Evolution, Revolution, Schmevolution

Books are the most divine creation.  I’m happiest when I have my next 3-4 books plotted out.  Quite often, The Dialectic and I discuss the joy of reading, and every so often, the Z word creeps up.  In the past, I’ve been vocal about both not being a fan of her writing, and my dismay that she and her ilk have overrun the African-American Fiction section.  I maintain that not every work crafted by a black mind must be the great something or other, yet I also believe that until there is balance, I reserve the right to be a little more critical.

Occasionally, we discuss how often, these writers can often be part of the evolutionary process in developing bibliophiles.  I wasn’t born reading Baldwin, Shakespeare and Fitzgerald.  (I purchased my first Shakespeare when I was NINE, thank you very much…I read it when I was ten.)  I have read Zane, Eric Jerome Dickey and Terry McMillan.  At one point, I would sample a little of this, and a little of that, in terms of reading. Some heavy.  Some featherweight.

Then one day, I read a line from the most unlikely source:  Terry McMillan.  In A Day Late and A Dollar Short, main character and matriarch, Viola Price, lay in an emergency room bed dying of an asthma attack.  One of her last thoughts was how she loved her family so much, she would give them her last breath, and if she had another, she’d give them that one too.  I remembered how that made me feel.  In that moment, I wanted everything I read to convey that type of emotion.  Not that exact emotion, but to make me see a real, raw, uncontrived emotion on a page, and believe it.  When I read a book, I search for that, and if you don’t give me that, I don’t fuck with you.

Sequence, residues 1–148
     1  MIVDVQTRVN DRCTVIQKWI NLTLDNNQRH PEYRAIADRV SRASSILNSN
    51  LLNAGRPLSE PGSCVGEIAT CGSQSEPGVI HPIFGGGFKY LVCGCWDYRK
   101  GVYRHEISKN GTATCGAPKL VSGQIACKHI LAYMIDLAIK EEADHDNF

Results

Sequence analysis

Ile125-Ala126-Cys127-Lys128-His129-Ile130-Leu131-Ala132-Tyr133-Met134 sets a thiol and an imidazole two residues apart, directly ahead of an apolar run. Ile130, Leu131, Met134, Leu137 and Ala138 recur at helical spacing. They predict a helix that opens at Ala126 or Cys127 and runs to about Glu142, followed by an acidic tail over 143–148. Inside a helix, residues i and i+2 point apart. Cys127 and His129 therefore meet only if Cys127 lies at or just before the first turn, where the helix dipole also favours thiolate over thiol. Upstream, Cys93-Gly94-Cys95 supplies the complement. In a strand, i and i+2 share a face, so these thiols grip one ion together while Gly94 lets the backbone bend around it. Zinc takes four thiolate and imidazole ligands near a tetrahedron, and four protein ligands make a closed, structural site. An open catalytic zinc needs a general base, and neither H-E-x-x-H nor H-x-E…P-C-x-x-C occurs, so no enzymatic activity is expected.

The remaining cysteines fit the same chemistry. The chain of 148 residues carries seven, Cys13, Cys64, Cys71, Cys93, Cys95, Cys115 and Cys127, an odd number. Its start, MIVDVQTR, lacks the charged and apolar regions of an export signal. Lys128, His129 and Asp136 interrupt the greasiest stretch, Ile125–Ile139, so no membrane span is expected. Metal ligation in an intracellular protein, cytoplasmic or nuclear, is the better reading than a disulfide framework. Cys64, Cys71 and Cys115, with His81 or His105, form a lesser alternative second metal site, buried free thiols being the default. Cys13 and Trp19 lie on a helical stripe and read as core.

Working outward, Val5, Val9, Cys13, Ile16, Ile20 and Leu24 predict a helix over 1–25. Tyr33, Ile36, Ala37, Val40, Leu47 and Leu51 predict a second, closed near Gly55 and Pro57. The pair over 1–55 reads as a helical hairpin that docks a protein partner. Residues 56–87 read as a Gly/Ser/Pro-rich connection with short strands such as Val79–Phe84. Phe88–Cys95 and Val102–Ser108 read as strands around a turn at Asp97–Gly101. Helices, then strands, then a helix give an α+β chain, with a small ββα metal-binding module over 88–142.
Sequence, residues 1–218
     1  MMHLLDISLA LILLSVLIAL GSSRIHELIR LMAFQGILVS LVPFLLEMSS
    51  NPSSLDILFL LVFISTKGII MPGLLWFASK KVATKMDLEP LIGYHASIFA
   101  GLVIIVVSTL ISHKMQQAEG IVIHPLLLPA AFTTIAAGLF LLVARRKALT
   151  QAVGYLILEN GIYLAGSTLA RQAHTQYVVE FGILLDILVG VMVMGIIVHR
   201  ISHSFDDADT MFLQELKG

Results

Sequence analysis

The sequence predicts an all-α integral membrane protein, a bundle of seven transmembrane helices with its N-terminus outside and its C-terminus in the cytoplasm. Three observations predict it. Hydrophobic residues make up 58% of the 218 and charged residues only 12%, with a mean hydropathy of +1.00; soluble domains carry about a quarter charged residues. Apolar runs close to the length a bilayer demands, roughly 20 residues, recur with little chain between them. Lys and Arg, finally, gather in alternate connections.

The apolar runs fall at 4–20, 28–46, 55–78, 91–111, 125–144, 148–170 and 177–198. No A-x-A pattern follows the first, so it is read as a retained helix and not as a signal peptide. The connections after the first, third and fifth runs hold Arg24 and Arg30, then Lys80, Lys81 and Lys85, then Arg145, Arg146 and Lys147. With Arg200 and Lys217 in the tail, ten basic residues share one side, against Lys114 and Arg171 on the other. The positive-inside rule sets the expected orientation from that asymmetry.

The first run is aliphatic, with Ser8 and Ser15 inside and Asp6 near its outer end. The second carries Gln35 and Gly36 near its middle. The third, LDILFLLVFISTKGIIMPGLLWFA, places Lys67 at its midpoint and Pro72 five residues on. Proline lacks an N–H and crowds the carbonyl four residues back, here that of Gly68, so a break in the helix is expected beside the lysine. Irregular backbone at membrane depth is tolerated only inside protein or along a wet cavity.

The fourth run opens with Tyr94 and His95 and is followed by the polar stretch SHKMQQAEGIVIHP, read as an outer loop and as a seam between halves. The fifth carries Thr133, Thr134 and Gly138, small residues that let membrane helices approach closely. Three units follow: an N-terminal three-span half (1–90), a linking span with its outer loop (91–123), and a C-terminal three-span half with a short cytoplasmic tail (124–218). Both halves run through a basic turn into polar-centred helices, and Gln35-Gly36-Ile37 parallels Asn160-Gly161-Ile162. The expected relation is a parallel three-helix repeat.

What makes for a “good book” is extremely subjective.  When a person is pours their heart and soul on a page, you feel it.  It can happen in horror, romance, and yes, even erotica.  Baldwin can describe the erotic (and homoerotic) in ways that bend the soul and turn it inside out; as does Anne Rice (penned pseudonymously as A. N. Roquelare and Anne Rampling).

The prevailing thought now is, “don’t knock the hustle.”  To the extent that a person had an ideal, and saw it to fruition, I can’t get mad at that.  There is value in the fact that those writers can be springboards into much deeper works.  The thing is, do we languish there?  I even call myself to task on this, not so much langushing in so-so books (I almost typed “literature,” but my finger turned, looked at me, and gave me the hard side eye), but even reading the same “good” writers.  How does one locate the new crop of great writers, if you are stuck in the old faithfuls?

Growth and expansion is important.  I challenge any and all interested readers to find a new author or genre.  We can say it’s in honor of Daylight Savings Time.  Or is it Standard Time?  I can’t remember.  Or you can just say you’re arbitrarily trying something new.  I don’t think there’s anything wrong with that.

If you are so inclined, let me know of your results.  Can’t wait to hear from you guys.

Let me also say that I love you guys for reading through my blatherings, neuroses, and occasional break downs.  Things aren’t always sunshine and unicorn farts, and I’m glad you guys hang around for the not so great stuff too.  Let’s get it for 2010.